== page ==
How the SVX Shift Kit and Duty Solenoid "A" Function
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The dubious object of the system is to open the OEM resistor circuit so as to increase transmission line pressure under certain conditions. The object was to insert a pressure sensitive switch in the resistor circuit for this purpose, i.e. the wire cut and the switch inserted.
In this situation when the switch operates, the diagnostic fault circuitry will find an open circuit and indicate a fault with a blinking light. In order to prevent this, a high value resistor is connected across the switch contacts, so that the circuit is not fully opened by the switch, but a high resistance inserted in series kills effective operation, as would completely opening the circuit.
Take into account the following information which I have posted several times and in particular note reference to the dropping resistor circuit.
DUTY SOLENOID VALVE "A"This is a pulse width modulated duty solenoid valve, ( Sometimes known as a pulsoid). The device is incorporated in the SVX transmission control system in order to adjust line pressure in the following manner :-
The fluid line is provided with a bleed or bypass via an on/off device, in the form of an electrically operated valve. This solenoid valve is opened and closed repeatedly, in a rhythmical manner by a control current which is turned on and off by the transmission control unit (TCU) at a very fast rate. The valve is a normally closed device, and remains closed in the event of the loss off a control current.
After passing through this modulated solenoid valve, the continually interrupted pressure is in the form of a pulsed flow. When the peaks level off with the troughs, there is a resulting overall steady reduced pressure. The level of this pressure is adjusted by varying the on/off intervals. Most often the length of the on time is adjusted and the number of on/off pulses per second is kept constant. The usual rate is around 50 cycles per second.
The resulting adjusted output pressure is therefore delivered as a rapidly fluctuating stream. The system incorporates an expansion chamber as a smoothing element, which works as a sort of cushion. This device is usually in the form of a cylinder and piston or diaphragm, backed by a coil spring. In the SVX system the component is described as a Pressure Modifier Accumulator. The high pressure peaks in the stream press the piston outwards and become rounded off, while the low pressure troughs are filled in as a result of the piston moving inwards under spring pressure. The end result is a smoother level of pressure, such that controlled devices are not materially affected.
An increase in the volume of fluid controlled, is achieved by transferring the solenoid regulated pressure, to a pressure modifier valve and a regulator valve.
It should be clear that by "chopping" the fluid supply in an adjustable way, pressure control is achieved economically using a simple poppet type solenoid valve, with few mechanical or electrical complications. However the valve remains in a continuos cycling mode, which imposes rather arduous mechanical stresses.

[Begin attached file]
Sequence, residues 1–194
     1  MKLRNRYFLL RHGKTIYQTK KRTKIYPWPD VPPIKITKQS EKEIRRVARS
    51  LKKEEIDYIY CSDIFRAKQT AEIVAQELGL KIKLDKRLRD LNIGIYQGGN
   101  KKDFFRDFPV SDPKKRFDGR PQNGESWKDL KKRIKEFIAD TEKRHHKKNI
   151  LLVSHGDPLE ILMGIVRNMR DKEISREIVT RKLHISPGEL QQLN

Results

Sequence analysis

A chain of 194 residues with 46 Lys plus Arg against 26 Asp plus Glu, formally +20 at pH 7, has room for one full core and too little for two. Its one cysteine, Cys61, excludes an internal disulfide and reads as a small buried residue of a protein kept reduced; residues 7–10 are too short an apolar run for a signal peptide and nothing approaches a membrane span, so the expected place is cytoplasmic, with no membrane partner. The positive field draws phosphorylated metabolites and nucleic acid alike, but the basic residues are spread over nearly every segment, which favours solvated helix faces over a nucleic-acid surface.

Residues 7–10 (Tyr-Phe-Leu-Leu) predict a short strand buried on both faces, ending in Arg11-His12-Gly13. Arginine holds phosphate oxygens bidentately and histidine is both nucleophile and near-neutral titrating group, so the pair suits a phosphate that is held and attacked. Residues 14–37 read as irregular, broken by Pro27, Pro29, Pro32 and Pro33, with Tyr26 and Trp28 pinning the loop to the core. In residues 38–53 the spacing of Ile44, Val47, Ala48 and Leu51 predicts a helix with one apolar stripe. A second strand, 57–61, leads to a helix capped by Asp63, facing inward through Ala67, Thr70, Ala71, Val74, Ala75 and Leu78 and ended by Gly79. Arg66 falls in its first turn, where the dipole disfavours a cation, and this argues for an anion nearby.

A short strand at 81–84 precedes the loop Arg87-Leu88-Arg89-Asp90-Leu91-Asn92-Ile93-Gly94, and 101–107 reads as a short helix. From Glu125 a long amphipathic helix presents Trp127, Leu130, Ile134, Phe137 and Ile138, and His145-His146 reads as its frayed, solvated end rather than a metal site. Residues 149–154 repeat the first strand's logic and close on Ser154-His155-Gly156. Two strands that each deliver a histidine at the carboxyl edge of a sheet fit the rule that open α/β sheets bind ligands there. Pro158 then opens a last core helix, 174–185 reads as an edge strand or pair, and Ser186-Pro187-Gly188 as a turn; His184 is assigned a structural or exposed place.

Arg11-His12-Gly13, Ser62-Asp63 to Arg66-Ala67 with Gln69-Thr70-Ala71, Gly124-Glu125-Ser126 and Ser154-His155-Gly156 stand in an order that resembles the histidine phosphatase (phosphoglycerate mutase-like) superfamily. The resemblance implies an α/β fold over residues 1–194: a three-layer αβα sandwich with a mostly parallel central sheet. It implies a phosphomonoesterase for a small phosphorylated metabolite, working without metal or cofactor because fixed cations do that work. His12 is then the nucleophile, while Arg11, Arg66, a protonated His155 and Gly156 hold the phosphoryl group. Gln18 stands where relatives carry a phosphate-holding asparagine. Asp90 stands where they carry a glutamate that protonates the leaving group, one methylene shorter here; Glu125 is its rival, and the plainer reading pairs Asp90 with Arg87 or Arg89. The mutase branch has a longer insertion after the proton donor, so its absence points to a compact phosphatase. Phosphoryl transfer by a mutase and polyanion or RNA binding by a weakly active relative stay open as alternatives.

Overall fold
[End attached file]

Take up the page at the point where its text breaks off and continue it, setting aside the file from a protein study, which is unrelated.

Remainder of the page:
THE DROPPING RESISTOR CIRCUITIt will be immediately apparent that a sudden on off cycle tends to cause what could be called a hammering of the valve seat, even though this is largely checked by the viscosity of controlled fluid flow. The dropping resistor introduces a second series of current pulses applied in parallel with the control signal. These shorter pulses are applied during the off cycles and timed to check the travel of the armature as it reaches the closed position, thus reducing both shock and noise. These secondary parallel signals in effect, “round off” the closing period and reduce the closing shock. This arrangement can be made even more sophisticated and configured so as to soften the the opening cycle, as well as the closing of the valve.
It will be appreciated that reducing the resistance in the circuit, or opening the circuit by omitting the dropping resistor, has two outcomes. Firstly the relative electrical off time is increased thus increasing the line pressure and therefore makes shifts more abrupt. Importantly as a second issue, increased shock loads are applied to the valve.
The resistor should measure between 9 and 15 ohms to be within specifications. The usual is about 12 ohms.
It is a documented fact that the line pressure control solenoid is the first to fail due to having by far the most arduous duty to fulfill. Failure is usually mechanical resulting in the valve seat not closing properly and as a result line pressure is markedly reduced. The end results are drastic, especially in respect of transmission friction surfaces. The fault will not necessarily be registered as a fault code, as the armature of the valve can be in the fully closed position with the problem confined to a worn and faulty valve seat. In the event of an electrical fault, which will register, the valve being normally closed, will fail safe and result in maximum line pressure.